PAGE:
Cracking The Customer Loyalty Code

Cracking-The-Customer-Loyalty-Code

The crowd started lining up at the Apple Store of the Dubai Mall at 1 am, hours before it opened its door. Even the pandemic could not keep the die-hard Apple fans away. How much does Apple pay for that exposure and advertising? Zero.

According to a SellCell survey, brand loyalty for Apple is at an all-time high of nearly 92 per cent. Apple spends heavily on developing customer loyalty. To make sure their customers continue shopping with them across their entire product line.

All About Loyalty

Customer loyalty is no more about gift cards or a sole event; it has evolved, creating an ecosystem where customers actively feel a sense of loyalty to the brand. Nowadays, consumers expect a lot from brands. They expect a relationship with the brands, they want the brands to know them and hyper personalise their experience.

In this scenario, the challenge is that brands should ensure that loyalty is rewarding enough to justify the time involved from the customers’ point of view. Several brands do this by offering a reward — a free coupon, coffee, or a significant discount during the birthday month —  when they shop a certain number of times.

A loyalty strategy/ programme is essential because, according to SmallBizGenius, 75 per cent of consumers say that they prefer brands that offer rewards.

What’s Behavioural Loyalty

Just like consumer loyalty, consumer behaviour has evolved, too. Take, for instance, the Covid-19 pandemic which has changed the way people shop. The future of shopping won’t be as simple as a switch to online while brick-and-mortar stores become history. As a matter of fact, 46 per cent of consumers said that given a choice, they prefer to shop in person rather than online.

According to Raydiant’s State of Consumer Behavior 2021 report, 48 per cent of consumers have replaced a product they typically purchase in-store with an online alternative during the pandemic. About a quarter of consumers report they’re switching brands more often than ever before.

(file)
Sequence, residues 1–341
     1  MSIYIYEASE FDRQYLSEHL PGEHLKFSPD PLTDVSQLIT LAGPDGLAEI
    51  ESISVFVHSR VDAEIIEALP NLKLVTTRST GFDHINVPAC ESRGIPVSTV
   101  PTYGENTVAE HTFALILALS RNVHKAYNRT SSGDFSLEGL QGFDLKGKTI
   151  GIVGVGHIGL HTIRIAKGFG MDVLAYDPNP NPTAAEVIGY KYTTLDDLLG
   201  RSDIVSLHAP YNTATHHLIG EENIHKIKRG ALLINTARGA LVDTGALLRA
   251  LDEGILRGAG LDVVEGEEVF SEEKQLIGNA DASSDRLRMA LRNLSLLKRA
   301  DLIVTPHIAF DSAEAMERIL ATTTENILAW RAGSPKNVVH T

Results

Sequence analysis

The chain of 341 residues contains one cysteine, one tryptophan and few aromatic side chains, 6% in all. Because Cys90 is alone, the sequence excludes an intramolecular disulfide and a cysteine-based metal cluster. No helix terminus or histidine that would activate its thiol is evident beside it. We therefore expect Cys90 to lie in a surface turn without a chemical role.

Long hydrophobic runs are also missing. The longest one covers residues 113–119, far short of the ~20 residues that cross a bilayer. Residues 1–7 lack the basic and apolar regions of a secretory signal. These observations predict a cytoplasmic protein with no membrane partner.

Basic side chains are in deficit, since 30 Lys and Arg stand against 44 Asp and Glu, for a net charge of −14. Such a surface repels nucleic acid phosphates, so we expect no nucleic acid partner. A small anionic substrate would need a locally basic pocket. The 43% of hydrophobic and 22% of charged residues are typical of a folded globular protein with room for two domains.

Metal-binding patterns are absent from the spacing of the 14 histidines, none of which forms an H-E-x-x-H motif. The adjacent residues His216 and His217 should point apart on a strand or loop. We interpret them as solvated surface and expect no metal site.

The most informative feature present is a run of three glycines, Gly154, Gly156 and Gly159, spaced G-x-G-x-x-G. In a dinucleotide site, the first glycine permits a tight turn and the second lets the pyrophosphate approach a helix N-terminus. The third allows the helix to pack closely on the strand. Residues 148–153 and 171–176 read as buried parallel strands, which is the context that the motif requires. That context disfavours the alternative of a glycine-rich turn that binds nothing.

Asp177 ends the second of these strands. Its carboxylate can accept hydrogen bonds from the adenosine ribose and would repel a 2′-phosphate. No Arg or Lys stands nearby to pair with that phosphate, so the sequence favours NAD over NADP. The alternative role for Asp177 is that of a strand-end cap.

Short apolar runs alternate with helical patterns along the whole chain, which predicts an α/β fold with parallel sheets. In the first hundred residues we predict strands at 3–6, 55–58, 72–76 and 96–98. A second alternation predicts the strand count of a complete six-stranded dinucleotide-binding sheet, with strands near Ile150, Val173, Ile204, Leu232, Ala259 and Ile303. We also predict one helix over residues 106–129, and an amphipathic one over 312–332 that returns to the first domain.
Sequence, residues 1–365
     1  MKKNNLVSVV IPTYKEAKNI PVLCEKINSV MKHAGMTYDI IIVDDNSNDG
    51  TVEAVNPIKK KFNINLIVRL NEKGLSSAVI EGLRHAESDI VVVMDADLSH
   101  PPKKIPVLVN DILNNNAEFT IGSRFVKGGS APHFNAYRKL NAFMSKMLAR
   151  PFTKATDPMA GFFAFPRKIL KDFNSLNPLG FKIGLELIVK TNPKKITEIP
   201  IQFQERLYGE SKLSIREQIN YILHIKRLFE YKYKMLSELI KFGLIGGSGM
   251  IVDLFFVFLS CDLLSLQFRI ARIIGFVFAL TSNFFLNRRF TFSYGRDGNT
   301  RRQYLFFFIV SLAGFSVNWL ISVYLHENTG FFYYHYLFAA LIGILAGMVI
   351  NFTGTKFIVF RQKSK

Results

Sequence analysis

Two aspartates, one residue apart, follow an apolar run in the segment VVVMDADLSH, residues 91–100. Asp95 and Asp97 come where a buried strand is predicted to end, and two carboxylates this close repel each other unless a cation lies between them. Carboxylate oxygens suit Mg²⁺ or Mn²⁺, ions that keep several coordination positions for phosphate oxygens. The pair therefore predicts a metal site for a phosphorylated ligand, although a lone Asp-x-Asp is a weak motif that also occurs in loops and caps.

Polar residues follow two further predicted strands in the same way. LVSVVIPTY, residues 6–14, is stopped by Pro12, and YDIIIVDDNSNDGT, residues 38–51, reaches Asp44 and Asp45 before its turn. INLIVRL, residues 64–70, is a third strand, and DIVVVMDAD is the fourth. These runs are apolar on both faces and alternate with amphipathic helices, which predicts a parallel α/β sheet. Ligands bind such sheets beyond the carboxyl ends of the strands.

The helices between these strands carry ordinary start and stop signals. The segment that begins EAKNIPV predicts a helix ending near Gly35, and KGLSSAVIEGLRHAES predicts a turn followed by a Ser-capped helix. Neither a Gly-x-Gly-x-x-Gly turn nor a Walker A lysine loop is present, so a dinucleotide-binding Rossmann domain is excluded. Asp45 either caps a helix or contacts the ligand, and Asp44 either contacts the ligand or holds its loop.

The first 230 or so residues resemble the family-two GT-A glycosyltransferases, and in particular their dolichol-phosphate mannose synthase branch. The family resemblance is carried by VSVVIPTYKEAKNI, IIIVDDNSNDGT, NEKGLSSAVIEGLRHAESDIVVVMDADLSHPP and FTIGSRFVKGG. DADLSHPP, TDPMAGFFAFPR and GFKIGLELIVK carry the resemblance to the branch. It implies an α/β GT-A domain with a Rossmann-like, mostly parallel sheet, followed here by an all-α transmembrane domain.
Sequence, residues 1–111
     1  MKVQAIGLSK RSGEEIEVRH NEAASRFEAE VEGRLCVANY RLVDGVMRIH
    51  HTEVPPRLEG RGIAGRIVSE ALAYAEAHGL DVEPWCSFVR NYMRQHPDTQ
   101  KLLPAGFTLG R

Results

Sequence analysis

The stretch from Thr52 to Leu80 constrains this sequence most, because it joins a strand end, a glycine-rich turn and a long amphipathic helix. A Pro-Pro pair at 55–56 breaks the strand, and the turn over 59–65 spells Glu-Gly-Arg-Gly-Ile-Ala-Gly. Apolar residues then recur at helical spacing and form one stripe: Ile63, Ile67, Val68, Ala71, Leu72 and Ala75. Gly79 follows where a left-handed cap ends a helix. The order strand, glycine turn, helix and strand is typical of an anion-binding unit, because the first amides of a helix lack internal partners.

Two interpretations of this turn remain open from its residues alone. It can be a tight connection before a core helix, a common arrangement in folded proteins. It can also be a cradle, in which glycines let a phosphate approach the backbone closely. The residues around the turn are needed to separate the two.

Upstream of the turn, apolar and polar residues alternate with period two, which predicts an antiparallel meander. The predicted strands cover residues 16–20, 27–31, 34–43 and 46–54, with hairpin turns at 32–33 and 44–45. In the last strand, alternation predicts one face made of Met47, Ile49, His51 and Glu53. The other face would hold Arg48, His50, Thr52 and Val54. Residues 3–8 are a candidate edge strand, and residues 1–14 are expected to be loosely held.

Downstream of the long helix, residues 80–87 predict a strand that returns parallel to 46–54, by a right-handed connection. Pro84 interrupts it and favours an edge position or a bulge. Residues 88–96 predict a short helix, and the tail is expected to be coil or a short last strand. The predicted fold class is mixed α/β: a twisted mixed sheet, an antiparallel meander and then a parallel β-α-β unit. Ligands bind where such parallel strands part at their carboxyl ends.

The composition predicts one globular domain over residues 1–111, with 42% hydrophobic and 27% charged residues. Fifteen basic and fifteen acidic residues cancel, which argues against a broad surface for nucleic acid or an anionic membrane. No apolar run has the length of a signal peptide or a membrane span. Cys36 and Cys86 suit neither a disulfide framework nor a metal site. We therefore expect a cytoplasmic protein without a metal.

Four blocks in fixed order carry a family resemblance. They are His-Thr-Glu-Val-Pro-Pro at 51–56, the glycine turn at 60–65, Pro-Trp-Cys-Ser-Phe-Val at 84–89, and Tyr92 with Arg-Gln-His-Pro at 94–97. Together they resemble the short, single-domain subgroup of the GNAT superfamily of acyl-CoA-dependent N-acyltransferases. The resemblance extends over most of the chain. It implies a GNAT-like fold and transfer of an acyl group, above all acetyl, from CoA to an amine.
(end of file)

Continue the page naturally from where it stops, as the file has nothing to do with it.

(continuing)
This means that consumers want to try more options, and they won’t mind switching brands, if they like the product, regardless of previous purchase history. Brand loyalty is effective and important, but companies can’t predict if consumers are loyal to their brands.

Also Read: Implementing Machine Learning for Data Analysis

Customer Loyalty Trends

Here are the trends that will define loyalty programs in the near future.

Personalisation

The reward program has become a thing of the past. To capture customer data, the algorithms required/used to its greatest potential are becoming advanced every year. Businesses are investing heavily in using customer data to discover what each individual consumer wants, what they like, what they might consider buying as an addition to their original purchase, and so on.

Gamification

Beyond 80 per cent of Gen Ys fancy getting rewards not because of the purchases made but of their commitment towards their favourite brands. Therefore, gamification methods will continue to improve, and loyalty platform software will make it easier for program operators to accomplish campaigns that influence members to engage in specific behaviours. For instance, Nike for China came up with this fun game called Reactland where the customers can participate through virtual reality. And by documenting this experience on social media, they can receive corresponding rewards and discount offers.

Another great example of gamification is the Luxury fashion brand Balenciaga. Last year, they blazed into a new territory with the launch of Afterworld: The Age of Tomorrow’s, a video game built to showcase their Fall 2021 collection. It allowed users to play for free through their web browser. The brand took their user on a gaming journey set in 2031, which allowed players to navigate a virtual reality with characters dressed head-to-toe in the new collection.

Mobile apps

There’s no doubt that mobile has become a crucial element for consumers and also important in the brand’s sales and engagement strategy. Brands that have their own mobile app can track their clients through advanced analytics from the app. It is more straightforward and simple to track in-app activity and figure which kinds of content draw the most user interest. By using an app, companies can refine their sales and marketing efforts with registration’s demographic info.